They get you with fruit fresh-picked from the trees, trees you can plant yourself in your own back yard, because everything grows here and every season is a growing season for something. On a typical summer day in Escondido, ripe grapefruit will roll down my hilly street unmissed and unremarked, because there are so many more where they came from. Rhode Island has fruit trees, but only apples and pears get the chance to ripen fully. The first summer I came out to Escondido, my dad’s neighbor invited me to pick a peach. “Just cup your hand around it. Don’t pull. If it’s ready it will come to you.” And it did, I can still recall the weight of it, a freestone the size of a softball and the color of a New England sunset, its flesh perfectly soft and obscenely juicy, so that biting into it felt like the sort of thing you shouldn’t do in public.
They get you with surfing and swimming and skiing all on the same day, which must knock the socks off of people who surf, swim, and ski. And you can plan outdoor parties, dinners, weddings, pretty much without Plan B. This would be a serious plus for social types. Not so much for hermits.
I do get annoyed by the anti-California bias of people back home. I know more than one New Yorker who won’t even fly out here for a weekend because of imminent earthquakes. There’s something absurdly Biblical about their conviction that any minute California will be punished for its sins and they’re terrified of being caught in the righteous apocalypse. As though the rest of the country, the non-California part, didn’t have its own sins. Others say they would miss the seasons. I miss them myself, but not enough to move away.
It’s the sky, really.
They don’t have good clouds here. They’re mostly very high up, wispy or mackerel or absent entirely. I miss the drama of low clouds, whether threatening or friendly, black or ivory or bright white. The sort of sky you can lie on your back and watch. Here, at a certain time of the year, you can see great big clouds in the distance, but they’re fenced in by the mountains.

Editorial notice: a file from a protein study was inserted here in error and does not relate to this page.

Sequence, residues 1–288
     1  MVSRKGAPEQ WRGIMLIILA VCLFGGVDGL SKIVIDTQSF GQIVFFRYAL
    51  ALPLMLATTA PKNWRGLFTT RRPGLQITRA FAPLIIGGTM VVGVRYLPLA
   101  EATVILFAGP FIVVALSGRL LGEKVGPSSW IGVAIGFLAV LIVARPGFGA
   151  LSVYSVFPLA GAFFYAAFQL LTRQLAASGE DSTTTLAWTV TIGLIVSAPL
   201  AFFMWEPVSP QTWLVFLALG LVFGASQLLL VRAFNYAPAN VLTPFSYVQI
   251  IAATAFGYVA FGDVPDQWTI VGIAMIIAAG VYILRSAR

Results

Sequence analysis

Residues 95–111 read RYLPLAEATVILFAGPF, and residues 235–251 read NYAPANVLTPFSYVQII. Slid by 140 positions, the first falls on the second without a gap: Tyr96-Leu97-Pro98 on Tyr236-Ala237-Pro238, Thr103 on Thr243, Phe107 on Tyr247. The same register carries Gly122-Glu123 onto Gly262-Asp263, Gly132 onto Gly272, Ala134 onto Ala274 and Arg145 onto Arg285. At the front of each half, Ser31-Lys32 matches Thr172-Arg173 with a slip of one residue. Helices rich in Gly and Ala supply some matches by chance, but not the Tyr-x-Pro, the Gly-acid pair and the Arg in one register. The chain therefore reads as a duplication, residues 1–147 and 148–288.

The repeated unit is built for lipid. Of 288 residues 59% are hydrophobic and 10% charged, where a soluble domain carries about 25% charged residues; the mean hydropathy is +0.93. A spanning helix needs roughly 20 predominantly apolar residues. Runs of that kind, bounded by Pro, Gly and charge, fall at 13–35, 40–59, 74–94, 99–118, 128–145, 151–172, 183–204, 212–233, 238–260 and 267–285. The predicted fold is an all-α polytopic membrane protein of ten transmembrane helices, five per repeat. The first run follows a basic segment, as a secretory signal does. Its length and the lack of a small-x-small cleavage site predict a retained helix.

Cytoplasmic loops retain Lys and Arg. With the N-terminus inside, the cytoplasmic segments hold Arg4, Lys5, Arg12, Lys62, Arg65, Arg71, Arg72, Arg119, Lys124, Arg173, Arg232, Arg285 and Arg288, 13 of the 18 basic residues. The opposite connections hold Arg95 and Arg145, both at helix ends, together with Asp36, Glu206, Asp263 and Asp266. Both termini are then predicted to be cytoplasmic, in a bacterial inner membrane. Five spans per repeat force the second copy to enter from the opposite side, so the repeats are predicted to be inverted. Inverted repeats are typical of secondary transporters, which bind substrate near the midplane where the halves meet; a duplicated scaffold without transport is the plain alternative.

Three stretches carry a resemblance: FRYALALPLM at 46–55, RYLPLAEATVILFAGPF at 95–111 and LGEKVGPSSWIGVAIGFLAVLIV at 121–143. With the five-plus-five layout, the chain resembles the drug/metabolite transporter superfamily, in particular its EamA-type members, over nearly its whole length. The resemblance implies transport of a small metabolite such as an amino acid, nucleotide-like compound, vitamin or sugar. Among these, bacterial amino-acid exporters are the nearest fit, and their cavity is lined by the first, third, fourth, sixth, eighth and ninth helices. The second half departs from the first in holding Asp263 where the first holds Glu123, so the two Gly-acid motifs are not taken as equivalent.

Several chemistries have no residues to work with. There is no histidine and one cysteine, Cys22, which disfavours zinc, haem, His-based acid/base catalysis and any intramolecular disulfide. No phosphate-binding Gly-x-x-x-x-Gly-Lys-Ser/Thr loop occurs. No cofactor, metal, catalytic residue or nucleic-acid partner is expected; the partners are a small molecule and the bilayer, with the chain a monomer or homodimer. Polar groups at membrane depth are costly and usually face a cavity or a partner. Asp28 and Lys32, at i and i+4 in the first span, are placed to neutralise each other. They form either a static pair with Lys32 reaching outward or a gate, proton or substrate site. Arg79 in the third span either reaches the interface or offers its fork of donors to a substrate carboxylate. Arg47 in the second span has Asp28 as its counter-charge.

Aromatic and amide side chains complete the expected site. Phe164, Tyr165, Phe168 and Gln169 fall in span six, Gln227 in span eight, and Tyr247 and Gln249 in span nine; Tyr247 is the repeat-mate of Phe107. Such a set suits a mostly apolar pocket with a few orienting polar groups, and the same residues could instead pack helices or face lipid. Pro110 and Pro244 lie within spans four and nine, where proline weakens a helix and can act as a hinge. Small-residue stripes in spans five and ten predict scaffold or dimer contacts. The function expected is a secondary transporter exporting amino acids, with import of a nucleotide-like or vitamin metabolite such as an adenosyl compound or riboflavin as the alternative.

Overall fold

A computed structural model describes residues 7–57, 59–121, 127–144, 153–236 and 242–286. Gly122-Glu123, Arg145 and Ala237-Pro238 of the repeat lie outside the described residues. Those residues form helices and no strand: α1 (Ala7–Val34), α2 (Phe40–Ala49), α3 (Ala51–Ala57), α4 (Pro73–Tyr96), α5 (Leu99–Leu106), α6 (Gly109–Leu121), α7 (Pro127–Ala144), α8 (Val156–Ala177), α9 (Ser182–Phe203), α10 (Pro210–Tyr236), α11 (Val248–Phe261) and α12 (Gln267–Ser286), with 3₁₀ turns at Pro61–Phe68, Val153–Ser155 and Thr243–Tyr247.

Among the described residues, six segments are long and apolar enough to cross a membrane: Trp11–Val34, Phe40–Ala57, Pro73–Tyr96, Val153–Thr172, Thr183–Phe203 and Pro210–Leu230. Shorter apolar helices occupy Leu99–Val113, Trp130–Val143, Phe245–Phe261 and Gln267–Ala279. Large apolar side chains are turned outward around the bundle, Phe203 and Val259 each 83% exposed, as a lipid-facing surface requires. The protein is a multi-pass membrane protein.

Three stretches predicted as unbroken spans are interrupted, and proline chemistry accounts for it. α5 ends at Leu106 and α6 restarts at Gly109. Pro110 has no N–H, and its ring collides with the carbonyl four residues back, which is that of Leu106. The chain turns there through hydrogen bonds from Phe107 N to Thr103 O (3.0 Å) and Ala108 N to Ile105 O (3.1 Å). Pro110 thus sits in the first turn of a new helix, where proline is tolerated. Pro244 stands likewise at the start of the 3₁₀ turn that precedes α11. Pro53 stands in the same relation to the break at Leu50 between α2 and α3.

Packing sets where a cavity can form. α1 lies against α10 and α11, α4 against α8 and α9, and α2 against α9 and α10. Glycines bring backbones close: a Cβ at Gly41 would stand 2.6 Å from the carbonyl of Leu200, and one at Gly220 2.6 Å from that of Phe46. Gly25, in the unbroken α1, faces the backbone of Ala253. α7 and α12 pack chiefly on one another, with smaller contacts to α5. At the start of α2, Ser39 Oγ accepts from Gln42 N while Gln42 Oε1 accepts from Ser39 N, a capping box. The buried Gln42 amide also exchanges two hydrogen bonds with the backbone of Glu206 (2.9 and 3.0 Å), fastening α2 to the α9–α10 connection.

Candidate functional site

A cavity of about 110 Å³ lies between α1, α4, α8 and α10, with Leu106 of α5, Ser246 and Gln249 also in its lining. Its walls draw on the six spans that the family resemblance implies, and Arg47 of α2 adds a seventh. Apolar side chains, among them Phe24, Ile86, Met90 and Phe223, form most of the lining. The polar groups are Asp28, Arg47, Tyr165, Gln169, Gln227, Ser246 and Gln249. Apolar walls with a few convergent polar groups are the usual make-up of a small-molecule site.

And the blue never seems to change. It’s a pleasant blue, your basic sky blue, but I distinctly remember a sky whose hue could deepen at a whim. At home the sky was small, hemmed in by buildings and trees, but its color changed unpredictably. The sky wasn’t background there. It was spectacle.
And the sunsets! Please, I can’t number the times a local has said, “Look at that beautiful sunset!” I hope I smile agreeably. Okay, there’s a modest wash of yellow and some orange and, if we’re really lucky, a cloud or two to set it off, but it’s just your basic sunset, and anyway you’d better look fast, since around here night drops like a felled ox. In order to have a gorgeous sunset, you need clouds. Lots of them, intercepting the sunlight, playing with it, passing it on to us, not for our sake, of course, but what a happy accident! And I still remember an otherwise unremarkable afternoon in Greenville, R.I., must have been more than forty years ago, when the air around us, not just the sky but the air, was pink, as though motes of water suspended in the humid air encased us in sapphire.
When I leave, I will miss a great deal. The night sky, far richer with stars than the sky I remember. I’ll miss the scrub jays and the coyotes and the possibility of rattlesnakes. I’ll miss the runaway grapefruit and the obscene peach. And the jacarandas! But in the twilight of my life, I insist upon a twilight sky.